Sprawling across a sandy plain on the right bank of the Saale River, 37km northwest of Leipzig, HALLE got its name from the pre-Germanic word for salt, the presence of which encouraged settlement and extraction during the Bronze Age. The city continues to be an important industrial and commercial centre, and forms a large part of a regional concentration of industrial plants and cities called the Chemiedreieck (Chemical Triangle). Even if its industrial heyday is long gone and its population – some 232,000 – is waning by some two thousand each year, Halle remains the state’s largest city in its most urbanized region.

The Altstadt centres on the Marktplatz, and its sights include the city’s main church and the Händel-Haus, the mansion where the town’s most famous son, composer George Frideric Handel, was born. The Moritzburg to the northwest now houses an important art collection, while a few attractions outside the Altstadt together provide a picture of Halle’s historical context, including the Technisches Halloren- und Salinenmuseum, which explores the town’s origins and its salt industry, and the Landesmuseum für Vorgeschichte (Museum of Prehistory).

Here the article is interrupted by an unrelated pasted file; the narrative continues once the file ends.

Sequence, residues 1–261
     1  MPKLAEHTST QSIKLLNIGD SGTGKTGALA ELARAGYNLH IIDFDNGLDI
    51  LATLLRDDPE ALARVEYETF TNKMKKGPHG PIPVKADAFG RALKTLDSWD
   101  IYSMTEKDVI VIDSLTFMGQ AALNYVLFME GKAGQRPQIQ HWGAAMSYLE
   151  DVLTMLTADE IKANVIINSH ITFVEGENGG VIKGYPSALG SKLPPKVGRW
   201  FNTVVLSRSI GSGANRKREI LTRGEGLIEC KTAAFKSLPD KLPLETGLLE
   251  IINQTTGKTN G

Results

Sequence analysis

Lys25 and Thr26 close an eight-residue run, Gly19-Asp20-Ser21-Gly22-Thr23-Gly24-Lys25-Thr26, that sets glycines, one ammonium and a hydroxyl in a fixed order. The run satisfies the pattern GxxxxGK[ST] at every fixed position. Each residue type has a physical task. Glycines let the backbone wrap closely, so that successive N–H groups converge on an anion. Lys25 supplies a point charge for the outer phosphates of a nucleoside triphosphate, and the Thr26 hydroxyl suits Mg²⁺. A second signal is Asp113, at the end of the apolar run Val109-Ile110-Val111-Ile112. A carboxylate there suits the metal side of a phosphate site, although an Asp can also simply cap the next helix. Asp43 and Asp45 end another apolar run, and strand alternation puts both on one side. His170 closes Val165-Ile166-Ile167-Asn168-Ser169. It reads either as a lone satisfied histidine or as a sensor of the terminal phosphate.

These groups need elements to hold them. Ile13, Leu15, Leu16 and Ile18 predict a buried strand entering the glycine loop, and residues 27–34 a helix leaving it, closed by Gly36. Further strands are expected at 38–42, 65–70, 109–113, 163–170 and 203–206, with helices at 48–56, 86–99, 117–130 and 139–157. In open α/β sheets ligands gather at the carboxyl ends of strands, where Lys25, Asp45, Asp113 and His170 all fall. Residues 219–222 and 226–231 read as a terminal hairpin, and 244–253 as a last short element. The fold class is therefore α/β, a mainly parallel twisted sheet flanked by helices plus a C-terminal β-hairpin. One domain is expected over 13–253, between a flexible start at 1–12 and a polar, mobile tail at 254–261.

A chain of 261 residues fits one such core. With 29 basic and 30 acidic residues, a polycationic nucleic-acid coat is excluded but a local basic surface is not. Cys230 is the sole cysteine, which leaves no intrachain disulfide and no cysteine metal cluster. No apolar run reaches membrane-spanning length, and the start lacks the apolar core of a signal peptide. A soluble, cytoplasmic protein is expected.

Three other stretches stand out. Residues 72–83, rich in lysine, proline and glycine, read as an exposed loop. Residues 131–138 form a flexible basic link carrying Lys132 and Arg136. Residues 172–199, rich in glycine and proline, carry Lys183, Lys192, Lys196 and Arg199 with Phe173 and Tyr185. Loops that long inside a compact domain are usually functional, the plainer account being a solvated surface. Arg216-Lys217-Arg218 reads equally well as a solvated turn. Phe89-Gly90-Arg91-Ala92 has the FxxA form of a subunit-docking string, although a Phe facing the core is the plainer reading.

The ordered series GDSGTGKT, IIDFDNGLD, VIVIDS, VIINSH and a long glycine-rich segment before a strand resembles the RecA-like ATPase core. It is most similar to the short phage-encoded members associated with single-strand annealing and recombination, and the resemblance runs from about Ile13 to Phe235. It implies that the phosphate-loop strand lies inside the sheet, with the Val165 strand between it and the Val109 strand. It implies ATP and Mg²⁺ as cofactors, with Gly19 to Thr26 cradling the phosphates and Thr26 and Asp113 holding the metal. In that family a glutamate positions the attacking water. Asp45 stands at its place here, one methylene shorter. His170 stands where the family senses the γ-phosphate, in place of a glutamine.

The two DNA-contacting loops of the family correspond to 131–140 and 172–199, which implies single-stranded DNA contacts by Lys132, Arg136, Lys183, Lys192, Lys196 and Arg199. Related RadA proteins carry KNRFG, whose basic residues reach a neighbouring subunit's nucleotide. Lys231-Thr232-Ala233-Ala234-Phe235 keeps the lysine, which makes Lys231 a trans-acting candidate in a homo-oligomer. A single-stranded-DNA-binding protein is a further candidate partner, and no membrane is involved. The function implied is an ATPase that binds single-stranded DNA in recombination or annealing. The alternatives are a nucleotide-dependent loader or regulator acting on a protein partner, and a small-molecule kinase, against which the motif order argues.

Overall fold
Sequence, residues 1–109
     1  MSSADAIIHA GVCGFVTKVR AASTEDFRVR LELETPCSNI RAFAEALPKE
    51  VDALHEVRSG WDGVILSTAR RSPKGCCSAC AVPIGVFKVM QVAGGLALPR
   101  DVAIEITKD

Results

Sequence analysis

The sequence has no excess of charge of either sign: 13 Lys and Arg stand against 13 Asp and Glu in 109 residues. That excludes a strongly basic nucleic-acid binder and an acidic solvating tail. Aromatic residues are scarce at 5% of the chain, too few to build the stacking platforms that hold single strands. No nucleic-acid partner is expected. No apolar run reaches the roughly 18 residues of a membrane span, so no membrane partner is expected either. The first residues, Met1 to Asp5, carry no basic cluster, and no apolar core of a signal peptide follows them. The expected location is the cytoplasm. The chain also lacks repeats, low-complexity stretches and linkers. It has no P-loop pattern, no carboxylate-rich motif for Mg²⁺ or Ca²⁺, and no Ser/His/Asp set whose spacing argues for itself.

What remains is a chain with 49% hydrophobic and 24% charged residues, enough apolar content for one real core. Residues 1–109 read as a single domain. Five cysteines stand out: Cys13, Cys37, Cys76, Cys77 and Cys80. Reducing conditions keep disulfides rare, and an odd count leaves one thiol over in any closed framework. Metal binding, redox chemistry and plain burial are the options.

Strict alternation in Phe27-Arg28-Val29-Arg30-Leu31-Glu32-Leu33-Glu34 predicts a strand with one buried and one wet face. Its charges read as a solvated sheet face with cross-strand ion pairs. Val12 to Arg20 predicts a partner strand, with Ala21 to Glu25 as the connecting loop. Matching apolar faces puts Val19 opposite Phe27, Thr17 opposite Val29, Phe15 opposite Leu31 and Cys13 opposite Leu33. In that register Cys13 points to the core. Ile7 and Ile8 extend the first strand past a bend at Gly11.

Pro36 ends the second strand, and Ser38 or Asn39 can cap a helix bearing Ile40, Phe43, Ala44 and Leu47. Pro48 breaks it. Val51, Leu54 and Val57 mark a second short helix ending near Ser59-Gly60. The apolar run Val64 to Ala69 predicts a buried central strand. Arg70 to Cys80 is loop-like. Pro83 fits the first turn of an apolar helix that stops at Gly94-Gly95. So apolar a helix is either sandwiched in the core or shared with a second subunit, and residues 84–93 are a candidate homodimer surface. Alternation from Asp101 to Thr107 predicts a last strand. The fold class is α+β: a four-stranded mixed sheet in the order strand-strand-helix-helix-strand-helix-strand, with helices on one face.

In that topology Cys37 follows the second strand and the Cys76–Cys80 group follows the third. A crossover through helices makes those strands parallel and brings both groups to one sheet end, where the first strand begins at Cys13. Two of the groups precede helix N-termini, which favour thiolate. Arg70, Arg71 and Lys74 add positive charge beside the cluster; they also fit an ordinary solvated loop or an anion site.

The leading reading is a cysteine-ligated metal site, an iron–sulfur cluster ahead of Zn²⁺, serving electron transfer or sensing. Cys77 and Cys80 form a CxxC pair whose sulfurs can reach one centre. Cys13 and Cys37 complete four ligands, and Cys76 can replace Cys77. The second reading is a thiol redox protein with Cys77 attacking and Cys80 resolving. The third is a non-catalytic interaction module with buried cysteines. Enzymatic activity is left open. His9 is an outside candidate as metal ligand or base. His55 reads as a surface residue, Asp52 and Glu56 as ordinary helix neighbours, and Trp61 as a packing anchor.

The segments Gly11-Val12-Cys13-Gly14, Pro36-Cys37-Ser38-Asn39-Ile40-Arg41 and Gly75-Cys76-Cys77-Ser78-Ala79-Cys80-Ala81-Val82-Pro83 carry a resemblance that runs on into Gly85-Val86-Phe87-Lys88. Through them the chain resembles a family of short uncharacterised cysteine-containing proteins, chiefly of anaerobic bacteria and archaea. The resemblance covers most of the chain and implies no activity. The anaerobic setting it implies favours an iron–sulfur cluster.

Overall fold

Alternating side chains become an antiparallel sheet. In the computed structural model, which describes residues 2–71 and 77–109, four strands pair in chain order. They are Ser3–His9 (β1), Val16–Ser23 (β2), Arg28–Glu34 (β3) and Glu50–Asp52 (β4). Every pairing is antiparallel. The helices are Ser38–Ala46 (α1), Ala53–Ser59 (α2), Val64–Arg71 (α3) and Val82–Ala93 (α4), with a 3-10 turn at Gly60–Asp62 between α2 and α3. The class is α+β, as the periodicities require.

Halle’s Martin Luther University, founded in 1694 and long a principal seat of Protestant learning, particularly flourished during the German Enlightenment when Christian Wolff and Christian Thomasius both resided here. Today, the university continues to add a youthful energy to this important regional transport hub. The best time to visit is during the Händel Festival (haendelfestspiele.halle.de) in the second week of June.

Book through Rough Guides’ trusted travel partners

Germany features

The latest articles, galleries, quizzes and videos.

A beginner's guide to the best German beers

A beginner's guide to the best German beers

Think Germany and you think beer. It’s a country whose beer culture is so ingrained and recognised that Oktoberfest (16 September–3 October 2017) is celeb…

14 Sep 2017 • Daniel Neilson insert_drive_file Article
How Syrians are keeping their culture alive in Berlin

How Syrians are keeping their culture alive in Berlin

Syria has been shattered by conflict since March 2011; more than 5 million people have been forced to flee the country and rebuild their lives elsewhere. Jessi…

05 Sep 2017 • Jessica Bateman local_activity Special feature
Going underground in Hamburg: 6 ways to see the city's alternative side

Going underground in Hamburg: 6 ways to see the city's alternative side

Hamburg is perpetually on the brink of falling out with itself. On the one hand, it’s a city of convention and millionaires – Hamburg has the highest concen…

18 Jul 2017 • Neil McQuillian insert_drive_file Article
View more featureschevron_right

Weekly newsletter

Sign up now for travel inspiration, discounts and competitions

Sign up now and get 20% off any ebook